Recently, I have purchased an updated dash camera for my car, to replace my Blackvue DR-400HD. While the Blackvue served me well for several years, it finally developed an issue where it simply reboots repeatedly. I tried replacing the battery, and reloading the firmware, but sadly I was unable to recover it.
As it turns out, dash cameras have come a long way since 2012 when I purchased the Blackvue. At the time, the Blackvue was the best camera available – 1080p Full HD recording with GPS and parking mode, in a compact package.
However, it did have some drawbacks. If you wanted to use the “parking mode” feature, it requires an additional box (the Power Magic Pro) to prevent the camera from draining your car battery. Also, it was designed with an internal battery; unfortunately over time and in extreme heat, the unit could overheat and produce corrupt video. Newer dash cameras tend to use a super-capacitor in place of a battery, which tolerates temperature extremes much better than a battery-based unit.
Enter the Qvia AR790WD: this camera was just released in late 2016, but has an impressive feature set. It has two cameras, front and rear, both of which are capable of Full HD 1080p recording at 30 frames per second. Both cameras use an excellent Sony Exmos sensor, which provide excellent day, and good night footage; the front camera uses the higher end Sony EXMOS IMX 322 sensor for unparalleled quality.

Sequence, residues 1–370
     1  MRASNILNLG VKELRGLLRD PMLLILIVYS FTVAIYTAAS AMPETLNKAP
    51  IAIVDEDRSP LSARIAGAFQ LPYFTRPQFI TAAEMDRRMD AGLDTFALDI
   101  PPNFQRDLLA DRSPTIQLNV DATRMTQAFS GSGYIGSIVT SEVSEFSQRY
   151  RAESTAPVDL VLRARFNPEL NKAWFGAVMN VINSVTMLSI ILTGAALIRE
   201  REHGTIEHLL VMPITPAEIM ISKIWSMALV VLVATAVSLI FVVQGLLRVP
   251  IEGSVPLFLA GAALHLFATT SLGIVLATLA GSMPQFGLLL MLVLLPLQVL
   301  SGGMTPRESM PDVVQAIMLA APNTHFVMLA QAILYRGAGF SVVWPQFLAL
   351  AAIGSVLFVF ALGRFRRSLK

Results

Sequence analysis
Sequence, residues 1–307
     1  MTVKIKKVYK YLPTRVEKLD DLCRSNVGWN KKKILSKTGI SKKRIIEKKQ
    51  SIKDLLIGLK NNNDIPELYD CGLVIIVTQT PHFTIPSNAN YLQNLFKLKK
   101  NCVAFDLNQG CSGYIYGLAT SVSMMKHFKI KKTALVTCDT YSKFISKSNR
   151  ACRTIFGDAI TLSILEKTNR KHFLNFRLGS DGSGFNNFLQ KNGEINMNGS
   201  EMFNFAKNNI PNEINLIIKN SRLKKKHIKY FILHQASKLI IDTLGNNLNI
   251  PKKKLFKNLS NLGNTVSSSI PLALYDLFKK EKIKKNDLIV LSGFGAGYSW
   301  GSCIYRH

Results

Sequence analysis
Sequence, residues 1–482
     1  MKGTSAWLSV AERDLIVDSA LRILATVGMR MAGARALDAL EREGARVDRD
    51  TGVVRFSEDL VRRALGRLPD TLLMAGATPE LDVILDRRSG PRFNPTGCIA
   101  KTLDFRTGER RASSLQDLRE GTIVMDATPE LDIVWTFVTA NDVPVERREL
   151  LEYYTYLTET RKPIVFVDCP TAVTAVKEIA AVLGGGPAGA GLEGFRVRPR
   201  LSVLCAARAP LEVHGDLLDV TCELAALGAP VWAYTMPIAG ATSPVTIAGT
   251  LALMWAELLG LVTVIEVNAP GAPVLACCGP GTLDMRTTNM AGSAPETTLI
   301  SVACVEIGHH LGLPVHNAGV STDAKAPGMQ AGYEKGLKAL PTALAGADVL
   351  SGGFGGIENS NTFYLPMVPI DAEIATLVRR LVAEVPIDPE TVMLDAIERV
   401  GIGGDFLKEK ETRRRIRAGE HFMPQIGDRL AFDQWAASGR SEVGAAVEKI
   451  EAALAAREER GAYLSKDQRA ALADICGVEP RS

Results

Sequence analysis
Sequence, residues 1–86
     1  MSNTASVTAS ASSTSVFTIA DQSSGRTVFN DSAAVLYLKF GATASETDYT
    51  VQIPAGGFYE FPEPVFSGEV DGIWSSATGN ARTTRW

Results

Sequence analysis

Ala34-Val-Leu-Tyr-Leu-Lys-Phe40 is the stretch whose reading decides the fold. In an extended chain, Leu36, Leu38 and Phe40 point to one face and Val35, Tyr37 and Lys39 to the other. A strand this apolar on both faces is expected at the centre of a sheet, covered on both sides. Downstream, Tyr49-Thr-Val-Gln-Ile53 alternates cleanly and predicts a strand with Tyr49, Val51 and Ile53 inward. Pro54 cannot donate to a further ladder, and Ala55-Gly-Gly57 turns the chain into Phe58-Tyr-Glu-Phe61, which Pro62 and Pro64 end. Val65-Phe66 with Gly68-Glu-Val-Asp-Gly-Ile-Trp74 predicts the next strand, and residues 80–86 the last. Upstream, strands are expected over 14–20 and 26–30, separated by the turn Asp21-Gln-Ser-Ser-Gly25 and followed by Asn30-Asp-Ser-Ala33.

The AR790WD also provides Wifi, GPS, and ADAS (Advanced Driver Assistance System), and includes a full-featured parking mode with built-in battery protection. Like many dashcams, the AR790WD, also has g-shock sensors to detect if your car has been hit or in an accident – in these cases, special “event” video segments are saved on the cameras memory card so they cannot be accidentally deleted or overwritten.
The camera is fairly easy to install, the standard packaging includes a hardwiring cable, but I also added a cigarette adapter power cable to my order, so that I could fire it up right away. I’ve since installed the hardwire kit, tapping into two circuits in my cars fuse box – I used a couple Add-A-Fuses for this. This dashcam has battery voltage detection built in and will not drain your battery beyond a set point when hardwired, which is great for parking mode. Hardwiring requires connecting the camera to an always on fuse – I used the brake light fuse here – and a fuse that is only powered when the car is running, for this one I used the radio fuse. Once hardwired you can take advantage of parking mode, the camera will automatically switch between always recording and parking mode, which is very convenient. There is also a power switch on the camera itself, if you just want to turn it off..